3401 Views 7 Replies Latest reply: Apr 27, 2008 5:18 PM by ekruB
Rather than checking several email accounts, I have a few company accounts set up to redirect to one main account. This way I can check one account, and get all the email sorted by various accounts. It of course dumps the junk from all the accounts into one junk mailbox. Smart mailboxes would allows me to sort a couple of the accounts which receive the lions share of the spam far more quickly. As it is, I have to type in the search query every time.
I have six email accounts, and have Mail check them all. I can't see any saving in having them all funnelled though to a single account, and keeping them separate means that, in general, a reply goes from the account that received the mail, and I can easily keep track of the separate accounts 'cos they have separate inboxes under the main inbox. They also have separate junk boxes, but I have no need to track junk by account.
Companies often use email accounts to track various customer responses to ads, promotions, web postings, etc. So if your company domain was widgets.com you could use an email addresses like email@example.com, firstname.lastname@example.org, email@example.com, firstname.lastname@example.org, and so on. It's a modern day version of codes people used to add to their physical addresses so they could track where snail mail customer orders came from.
As these change frequently and are updated regularly, it's impractical to set them up individually in an email program as individual accounts. So, when they are set up, they are simply redirected to the accounts of employees designated to handle such email. They can be set up simply as aliases as well, and we use both methods depending on our needs.
At any rate, when the email arrives it's a matter of a few simple rules to sort it to appropriate folders. Yes, I know you 'can' have Mail check them all individually Austin, it's very cumbersome to have to go to each employees email program and set up a new account every time. It's much easier to set up an alias or a redirect from the server. Additionally, we don't want the replies to come from the account it was sent to since a representative will be replying personally.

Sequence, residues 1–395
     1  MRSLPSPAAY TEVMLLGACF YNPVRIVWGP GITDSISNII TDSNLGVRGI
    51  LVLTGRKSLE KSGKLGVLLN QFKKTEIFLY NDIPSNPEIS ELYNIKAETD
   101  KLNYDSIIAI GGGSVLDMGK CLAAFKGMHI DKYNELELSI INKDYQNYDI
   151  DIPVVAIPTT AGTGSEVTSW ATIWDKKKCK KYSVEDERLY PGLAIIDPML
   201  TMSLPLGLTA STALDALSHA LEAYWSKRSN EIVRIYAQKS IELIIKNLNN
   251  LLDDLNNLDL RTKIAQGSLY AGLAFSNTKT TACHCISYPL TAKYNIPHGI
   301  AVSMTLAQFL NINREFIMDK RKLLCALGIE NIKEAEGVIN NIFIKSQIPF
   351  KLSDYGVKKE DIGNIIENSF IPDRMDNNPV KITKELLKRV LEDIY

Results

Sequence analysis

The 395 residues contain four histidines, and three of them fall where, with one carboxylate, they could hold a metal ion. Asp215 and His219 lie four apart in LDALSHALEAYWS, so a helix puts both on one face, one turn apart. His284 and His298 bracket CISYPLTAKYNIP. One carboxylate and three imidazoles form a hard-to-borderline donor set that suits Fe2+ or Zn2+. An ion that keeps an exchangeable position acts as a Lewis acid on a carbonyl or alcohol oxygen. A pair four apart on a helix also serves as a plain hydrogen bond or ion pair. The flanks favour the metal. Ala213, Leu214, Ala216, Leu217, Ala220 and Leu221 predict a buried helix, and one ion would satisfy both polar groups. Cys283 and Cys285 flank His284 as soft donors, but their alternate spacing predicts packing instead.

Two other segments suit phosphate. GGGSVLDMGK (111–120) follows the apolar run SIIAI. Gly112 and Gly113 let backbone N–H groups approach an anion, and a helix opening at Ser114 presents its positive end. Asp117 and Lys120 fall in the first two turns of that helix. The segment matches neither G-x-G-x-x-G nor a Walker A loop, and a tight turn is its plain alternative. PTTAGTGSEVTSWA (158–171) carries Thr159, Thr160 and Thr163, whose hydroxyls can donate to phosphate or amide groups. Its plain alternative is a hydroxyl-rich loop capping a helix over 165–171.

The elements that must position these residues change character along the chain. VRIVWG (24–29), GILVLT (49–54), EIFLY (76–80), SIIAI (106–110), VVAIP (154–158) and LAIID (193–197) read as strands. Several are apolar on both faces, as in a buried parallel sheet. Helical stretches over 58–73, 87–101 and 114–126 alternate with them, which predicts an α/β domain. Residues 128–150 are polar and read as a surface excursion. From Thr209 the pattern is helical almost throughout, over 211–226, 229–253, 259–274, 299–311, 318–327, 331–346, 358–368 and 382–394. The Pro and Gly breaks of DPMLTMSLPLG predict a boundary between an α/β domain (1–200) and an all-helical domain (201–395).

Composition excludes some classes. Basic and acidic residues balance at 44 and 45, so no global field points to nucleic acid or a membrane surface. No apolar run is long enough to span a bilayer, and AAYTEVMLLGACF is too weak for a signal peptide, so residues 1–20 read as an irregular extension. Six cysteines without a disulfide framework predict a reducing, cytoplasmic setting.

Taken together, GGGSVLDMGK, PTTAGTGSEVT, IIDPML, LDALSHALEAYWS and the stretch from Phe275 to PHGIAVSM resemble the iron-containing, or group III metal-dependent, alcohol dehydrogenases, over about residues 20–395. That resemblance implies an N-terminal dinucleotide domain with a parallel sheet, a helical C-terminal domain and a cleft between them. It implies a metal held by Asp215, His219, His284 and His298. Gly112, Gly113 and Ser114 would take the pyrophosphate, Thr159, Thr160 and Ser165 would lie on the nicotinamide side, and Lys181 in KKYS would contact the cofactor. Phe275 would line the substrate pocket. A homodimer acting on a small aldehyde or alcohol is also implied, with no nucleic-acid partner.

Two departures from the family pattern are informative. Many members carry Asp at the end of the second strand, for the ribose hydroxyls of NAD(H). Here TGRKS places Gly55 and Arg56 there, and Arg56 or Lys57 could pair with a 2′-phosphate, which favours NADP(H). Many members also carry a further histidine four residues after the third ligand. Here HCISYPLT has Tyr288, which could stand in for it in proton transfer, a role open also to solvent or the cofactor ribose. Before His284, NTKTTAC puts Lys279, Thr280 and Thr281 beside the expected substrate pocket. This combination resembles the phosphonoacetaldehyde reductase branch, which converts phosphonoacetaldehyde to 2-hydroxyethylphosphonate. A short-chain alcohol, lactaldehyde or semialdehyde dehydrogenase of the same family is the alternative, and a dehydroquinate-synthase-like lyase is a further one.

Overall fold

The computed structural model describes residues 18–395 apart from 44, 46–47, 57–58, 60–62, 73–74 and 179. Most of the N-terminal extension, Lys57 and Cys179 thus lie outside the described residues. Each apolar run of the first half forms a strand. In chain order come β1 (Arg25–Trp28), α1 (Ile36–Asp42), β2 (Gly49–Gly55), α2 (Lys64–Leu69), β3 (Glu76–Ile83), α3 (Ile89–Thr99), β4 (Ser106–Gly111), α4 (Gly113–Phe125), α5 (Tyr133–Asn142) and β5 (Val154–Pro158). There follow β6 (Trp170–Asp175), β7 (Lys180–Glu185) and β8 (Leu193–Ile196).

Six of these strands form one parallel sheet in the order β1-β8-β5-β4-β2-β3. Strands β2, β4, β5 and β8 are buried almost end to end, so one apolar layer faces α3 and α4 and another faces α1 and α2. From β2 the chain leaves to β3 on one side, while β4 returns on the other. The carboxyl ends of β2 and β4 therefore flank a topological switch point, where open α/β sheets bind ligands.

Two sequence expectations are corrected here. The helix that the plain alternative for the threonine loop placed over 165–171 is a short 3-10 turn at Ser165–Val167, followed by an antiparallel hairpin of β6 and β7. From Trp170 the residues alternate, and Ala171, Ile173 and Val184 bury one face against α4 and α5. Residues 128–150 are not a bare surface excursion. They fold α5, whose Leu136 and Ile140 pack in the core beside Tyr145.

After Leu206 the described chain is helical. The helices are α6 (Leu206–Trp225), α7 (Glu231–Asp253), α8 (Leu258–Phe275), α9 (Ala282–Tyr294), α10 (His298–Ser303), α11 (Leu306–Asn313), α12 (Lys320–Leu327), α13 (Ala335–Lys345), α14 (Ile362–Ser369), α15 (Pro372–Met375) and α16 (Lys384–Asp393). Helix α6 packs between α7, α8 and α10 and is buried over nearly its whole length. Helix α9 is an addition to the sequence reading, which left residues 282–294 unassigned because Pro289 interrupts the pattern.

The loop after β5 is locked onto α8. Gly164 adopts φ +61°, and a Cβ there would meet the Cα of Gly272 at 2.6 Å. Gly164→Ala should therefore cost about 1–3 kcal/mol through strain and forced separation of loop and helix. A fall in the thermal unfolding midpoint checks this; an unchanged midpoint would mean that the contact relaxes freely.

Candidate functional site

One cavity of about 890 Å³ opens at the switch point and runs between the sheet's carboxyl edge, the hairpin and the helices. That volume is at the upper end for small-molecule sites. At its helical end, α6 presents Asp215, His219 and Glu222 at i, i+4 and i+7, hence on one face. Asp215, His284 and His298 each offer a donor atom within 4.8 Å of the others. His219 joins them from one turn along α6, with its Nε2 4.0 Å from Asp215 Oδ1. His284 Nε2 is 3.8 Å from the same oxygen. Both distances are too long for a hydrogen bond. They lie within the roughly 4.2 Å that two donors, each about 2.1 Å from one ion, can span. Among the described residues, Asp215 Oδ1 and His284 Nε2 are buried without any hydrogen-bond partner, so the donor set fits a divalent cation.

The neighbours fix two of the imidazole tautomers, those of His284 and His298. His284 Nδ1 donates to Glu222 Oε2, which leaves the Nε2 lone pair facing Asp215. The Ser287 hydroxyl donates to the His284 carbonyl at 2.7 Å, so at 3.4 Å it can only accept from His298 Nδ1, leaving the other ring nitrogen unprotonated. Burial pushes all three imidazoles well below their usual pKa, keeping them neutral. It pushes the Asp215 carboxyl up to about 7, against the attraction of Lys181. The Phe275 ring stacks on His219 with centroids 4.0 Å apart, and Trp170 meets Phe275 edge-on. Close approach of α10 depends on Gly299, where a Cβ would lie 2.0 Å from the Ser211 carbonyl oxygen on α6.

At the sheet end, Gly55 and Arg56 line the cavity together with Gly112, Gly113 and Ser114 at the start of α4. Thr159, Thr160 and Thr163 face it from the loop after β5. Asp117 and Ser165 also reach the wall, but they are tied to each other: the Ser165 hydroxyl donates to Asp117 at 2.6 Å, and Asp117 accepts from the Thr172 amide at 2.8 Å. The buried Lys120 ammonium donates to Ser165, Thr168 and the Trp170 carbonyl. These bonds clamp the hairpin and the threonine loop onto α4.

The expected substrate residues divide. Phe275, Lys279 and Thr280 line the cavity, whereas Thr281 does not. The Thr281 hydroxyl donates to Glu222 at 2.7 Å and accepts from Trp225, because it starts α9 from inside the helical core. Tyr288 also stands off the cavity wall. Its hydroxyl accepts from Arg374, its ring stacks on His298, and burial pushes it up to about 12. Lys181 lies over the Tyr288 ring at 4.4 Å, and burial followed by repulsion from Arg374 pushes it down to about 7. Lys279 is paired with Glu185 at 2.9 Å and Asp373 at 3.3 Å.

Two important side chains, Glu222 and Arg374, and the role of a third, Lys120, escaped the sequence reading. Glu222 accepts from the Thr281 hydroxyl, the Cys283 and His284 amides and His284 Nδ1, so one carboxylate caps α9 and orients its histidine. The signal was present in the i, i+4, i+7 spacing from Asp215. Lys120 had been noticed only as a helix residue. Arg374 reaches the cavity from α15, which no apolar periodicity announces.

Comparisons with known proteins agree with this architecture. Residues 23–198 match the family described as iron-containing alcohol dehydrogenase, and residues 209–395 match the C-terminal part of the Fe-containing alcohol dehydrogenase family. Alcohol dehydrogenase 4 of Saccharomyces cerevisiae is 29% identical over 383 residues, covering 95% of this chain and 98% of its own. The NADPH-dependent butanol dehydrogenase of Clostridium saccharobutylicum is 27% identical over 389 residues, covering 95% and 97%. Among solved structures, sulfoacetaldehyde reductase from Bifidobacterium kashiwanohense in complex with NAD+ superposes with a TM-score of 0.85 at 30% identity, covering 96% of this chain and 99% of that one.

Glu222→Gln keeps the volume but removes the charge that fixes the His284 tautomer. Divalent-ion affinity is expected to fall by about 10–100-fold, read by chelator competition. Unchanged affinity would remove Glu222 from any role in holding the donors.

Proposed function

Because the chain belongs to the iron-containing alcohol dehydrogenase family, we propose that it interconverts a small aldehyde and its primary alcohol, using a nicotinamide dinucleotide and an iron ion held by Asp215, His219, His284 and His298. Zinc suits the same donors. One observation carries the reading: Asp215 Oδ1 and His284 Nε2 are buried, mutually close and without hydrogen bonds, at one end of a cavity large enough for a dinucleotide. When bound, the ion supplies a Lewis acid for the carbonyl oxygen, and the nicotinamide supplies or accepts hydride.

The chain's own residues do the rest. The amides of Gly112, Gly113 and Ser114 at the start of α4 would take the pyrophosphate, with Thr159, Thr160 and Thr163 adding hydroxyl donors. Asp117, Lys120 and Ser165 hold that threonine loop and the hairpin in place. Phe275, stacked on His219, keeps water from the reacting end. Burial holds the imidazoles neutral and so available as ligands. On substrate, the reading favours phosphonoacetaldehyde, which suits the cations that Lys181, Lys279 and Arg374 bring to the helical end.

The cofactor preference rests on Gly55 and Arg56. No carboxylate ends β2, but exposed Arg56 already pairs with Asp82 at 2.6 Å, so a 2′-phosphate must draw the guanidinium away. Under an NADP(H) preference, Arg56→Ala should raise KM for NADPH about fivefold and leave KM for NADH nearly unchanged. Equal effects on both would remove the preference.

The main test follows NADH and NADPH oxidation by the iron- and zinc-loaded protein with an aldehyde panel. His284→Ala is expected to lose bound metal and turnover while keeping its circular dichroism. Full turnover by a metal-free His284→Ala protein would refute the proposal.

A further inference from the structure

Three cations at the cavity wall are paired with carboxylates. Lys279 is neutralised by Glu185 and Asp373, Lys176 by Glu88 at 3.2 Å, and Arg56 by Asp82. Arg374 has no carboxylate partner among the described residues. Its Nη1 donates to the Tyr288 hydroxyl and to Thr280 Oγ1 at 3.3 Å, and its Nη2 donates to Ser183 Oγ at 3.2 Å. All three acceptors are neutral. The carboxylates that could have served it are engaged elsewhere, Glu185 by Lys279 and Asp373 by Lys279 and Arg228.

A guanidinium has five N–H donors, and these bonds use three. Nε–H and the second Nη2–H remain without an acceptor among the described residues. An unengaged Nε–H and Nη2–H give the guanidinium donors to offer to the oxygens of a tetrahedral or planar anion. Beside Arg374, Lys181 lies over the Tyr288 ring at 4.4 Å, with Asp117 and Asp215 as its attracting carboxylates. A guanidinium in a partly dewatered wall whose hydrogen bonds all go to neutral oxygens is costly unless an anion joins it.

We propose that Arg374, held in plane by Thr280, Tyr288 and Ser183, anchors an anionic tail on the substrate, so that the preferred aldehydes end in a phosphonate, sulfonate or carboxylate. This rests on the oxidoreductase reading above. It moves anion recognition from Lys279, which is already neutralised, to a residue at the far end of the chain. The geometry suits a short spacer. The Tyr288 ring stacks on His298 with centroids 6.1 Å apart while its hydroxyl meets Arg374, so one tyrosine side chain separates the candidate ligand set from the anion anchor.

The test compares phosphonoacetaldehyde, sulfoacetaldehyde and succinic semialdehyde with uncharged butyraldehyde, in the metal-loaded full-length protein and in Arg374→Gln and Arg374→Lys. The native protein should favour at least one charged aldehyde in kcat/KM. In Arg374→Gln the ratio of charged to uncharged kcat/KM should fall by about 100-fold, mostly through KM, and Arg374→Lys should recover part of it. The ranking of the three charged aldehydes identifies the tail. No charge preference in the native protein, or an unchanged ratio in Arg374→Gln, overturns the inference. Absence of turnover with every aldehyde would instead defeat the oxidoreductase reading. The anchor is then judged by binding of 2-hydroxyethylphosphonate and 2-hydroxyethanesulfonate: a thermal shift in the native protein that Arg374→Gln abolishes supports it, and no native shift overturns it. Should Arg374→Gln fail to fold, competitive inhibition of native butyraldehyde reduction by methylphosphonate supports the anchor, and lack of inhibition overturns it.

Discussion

All of this works splendidly until Mail marks the occasional good message as junk. For the most part it's accurate, but it's less so for the accounts which are new. Given this, it's easier to search the junk mail for good messages if we sort it first by intended recipient. This sort takes seconds using the search bar, but it would be much easier to automate it using a smart mailbox. It's a shame smart mailboxes won't search junk folders.
You can use Junk mail in smart mailbox, but Apple has made it tricky for now. When creating a smart mailbox, there are "Include messages from Trash" and "Include messages from Sent" checkboxes, but no matching "Include message from Junk" checkbox...like there should be.
If you make your smart mailbox and then close Mail, you can edit the file ~/Library/Mail/SmartMailboxes.plist (be SURE you back it up first), and remove the <dict>...</dict> element that specifies that junk should be excluded:
*NOTE: You must close Mail while editing this file. This is not a tip for beginners!*
I put ?????? in place of the Unique ID string, since it will vary. More details available here. You can even edit the smart mailbox within Mail and it will continue to work. Whenever you create a new smart mailbox for Junk mail, you'll need to repeat this trick.
DISCLAIMER: If you aren't comfortable with XML files, then maybe this tip isn't for you.